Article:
West Carry Pond to Caratunk, 14 miles
“Every step a forward step”.
“ Nope, we don’t do any AARP or any other discounts. It’s $75 for 2 , we’re now the only place in town, and we think it is a fair price.” I’m spending tonight safely ensconced at one of my old Route 201 lodging stand-bys, the Bingham Motor Inn. It wasn’t in my original plan, but I’m very pleased to be drying out in here right now.
Bingham is 16 miles south of the AT where it crosses into Caratunk. The other place I’ve stayed while hiking the AT up here in winter is the Carrying Place Camps, which is now out of business and for sale. Welcome to the fluctuating status of Old School AT establishments.
I left the campsite this morning at 7:15,after a breakfast of hot oatmeal, nuts, and coffee. I ended up spending last night with a couple of guys, Ghost and Doctor Dick. They were about my age. Ghost had completed the AT about 15 years ago and Doc was trying to finish his thru-hike this year.
There was a great deal of water on the trail today, after last night’s rain. There were many slippery roots and mud pits to deal with. I was generally able to step on mostly submerged rocks and step to the high points of ground so that my feet stayed dry for a reasonable amount of time. Part of the trail was through beautiful piney woods, about 45 minutes along. I anticipated East Carry Pond. I fully remembered the Benedict Arnold section, passing Arnold Point and then Arnold Swamp, with it’s ancient split log elevated walkways, which were very dicey do to the wet. I am continuing to make good time through here. I do have my pack cover on but it has not started to rain yet. There is still a lot of water dripping off the trees. The leaves are wet, and grasses are tall, so the high gaiters are helping as well. I am trying to zig my way though , so I don’t go to the sticky, confining rain paints.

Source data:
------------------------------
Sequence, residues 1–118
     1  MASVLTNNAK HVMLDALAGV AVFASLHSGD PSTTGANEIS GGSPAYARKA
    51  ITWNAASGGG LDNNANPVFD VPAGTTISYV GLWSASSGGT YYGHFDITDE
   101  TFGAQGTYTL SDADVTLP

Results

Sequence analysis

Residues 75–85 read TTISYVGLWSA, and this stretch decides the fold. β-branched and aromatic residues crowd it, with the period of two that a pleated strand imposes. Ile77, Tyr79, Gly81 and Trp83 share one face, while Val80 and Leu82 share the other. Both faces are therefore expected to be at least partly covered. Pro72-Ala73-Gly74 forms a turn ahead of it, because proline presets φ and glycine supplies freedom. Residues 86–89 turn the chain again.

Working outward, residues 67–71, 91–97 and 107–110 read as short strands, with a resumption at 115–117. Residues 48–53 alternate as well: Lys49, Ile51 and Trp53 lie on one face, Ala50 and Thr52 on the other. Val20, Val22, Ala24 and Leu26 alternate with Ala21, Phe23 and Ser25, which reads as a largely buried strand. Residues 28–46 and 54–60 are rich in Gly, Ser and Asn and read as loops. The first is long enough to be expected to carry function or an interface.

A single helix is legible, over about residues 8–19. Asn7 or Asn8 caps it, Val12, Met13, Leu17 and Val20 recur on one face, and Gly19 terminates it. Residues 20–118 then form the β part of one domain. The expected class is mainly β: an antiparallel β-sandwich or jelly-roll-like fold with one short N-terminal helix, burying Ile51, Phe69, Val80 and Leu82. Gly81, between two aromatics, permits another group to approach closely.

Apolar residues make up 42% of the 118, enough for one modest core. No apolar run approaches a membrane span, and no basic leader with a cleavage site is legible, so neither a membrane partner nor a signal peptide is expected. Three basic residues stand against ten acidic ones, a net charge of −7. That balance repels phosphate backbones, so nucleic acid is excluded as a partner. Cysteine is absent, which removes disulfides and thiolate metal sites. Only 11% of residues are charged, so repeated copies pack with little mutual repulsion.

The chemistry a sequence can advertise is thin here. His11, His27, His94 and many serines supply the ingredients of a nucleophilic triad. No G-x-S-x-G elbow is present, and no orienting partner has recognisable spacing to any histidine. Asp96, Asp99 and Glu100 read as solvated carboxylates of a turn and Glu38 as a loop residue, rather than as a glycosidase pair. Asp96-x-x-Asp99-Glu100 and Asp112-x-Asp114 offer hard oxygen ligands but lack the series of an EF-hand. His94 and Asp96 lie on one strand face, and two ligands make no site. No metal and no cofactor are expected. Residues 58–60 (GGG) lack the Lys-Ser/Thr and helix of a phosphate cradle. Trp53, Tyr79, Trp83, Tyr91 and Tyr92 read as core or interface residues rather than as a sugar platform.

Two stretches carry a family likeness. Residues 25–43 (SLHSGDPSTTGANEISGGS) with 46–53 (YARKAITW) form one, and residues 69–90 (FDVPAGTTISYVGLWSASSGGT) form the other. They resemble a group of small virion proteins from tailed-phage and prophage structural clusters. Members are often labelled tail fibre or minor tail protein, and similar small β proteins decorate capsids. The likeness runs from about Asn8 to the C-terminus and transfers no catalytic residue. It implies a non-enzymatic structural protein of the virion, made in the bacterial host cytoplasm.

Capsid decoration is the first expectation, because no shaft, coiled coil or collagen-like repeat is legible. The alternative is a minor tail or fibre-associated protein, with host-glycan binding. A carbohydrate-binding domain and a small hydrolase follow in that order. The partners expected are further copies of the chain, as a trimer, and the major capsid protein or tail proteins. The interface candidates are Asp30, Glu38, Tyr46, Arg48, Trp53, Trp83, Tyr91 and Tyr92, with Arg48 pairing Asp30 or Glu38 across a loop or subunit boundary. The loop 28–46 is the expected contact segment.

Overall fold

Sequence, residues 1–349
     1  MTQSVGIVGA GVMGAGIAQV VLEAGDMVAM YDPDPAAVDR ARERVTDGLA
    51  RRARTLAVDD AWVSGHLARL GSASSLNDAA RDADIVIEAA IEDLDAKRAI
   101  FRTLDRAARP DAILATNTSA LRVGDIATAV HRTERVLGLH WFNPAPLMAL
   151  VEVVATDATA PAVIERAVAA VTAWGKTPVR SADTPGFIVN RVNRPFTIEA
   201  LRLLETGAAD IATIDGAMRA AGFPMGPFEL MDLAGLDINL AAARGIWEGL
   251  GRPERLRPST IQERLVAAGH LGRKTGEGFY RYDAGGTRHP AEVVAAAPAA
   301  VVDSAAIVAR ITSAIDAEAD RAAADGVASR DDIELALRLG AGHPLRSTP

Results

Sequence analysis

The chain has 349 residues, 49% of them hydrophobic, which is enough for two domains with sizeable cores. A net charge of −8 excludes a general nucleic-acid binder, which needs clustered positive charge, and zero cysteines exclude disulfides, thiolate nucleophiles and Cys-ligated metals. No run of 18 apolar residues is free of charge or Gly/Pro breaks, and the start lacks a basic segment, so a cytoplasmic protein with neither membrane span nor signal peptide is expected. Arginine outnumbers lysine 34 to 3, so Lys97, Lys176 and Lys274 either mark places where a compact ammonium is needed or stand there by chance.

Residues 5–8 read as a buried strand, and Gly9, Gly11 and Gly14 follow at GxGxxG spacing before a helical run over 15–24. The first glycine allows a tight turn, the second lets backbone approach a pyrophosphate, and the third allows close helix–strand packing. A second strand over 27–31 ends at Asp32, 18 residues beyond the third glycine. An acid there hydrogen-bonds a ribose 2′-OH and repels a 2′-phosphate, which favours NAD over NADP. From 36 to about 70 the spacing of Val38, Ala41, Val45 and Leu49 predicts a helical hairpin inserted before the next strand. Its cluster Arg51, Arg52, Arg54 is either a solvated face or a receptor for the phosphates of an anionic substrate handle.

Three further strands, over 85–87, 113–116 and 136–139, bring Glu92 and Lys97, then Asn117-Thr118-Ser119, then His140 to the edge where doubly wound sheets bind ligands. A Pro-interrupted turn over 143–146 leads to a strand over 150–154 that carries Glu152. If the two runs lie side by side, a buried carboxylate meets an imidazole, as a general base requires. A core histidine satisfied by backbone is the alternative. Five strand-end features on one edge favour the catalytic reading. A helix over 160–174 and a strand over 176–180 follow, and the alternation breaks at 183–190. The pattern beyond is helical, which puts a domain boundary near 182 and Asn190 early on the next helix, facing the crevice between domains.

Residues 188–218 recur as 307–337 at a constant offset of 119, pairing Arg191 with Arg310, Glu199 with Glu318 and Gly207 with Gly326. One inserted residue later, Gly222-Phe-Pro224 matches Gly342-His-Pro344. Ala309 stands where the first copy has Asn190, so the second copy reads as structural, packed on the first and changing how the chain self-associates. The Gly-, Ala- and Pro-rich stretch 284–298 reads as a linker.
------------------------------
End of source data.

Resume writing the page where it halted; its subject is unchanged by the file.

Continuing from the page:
The run of the AT in this area of Maine is exquisite, with the ever present swamps, stream flowage, and default up and down rock and root strewn footpath.
Today I finally met Certain, the legendary 400, 000 plus Trailjournal Hit Lady who has teamed up with our own Auntie Mame for this section of the Trail. She’s positive, energetic, funny, and very capable of planning and then executing an intelligent approach to each day she’s out. They are supported in this section by Karen, who is working wonders at searching out obscure woods roads to allow them to slack pack all the way to Monson.
Auntie Mame and Certain started ahead of me today. Where they started was unclear, but I successfully figured out they put in at the <Long Falls Dam Rd/Bingham> sign by recognizing Mame’s footprints in the morning mud. There was another set of smaller Keen tracks, that I suspected was Certain’s.
I only saw one other hiker all day, a Southbounder named Wall Street. He told me he had run into a pair of women heading north just ahead , so I stepped on the accelerator in an effort to catch them. I eventually caught them at Pierce Pond lean-to where they had just started lunch.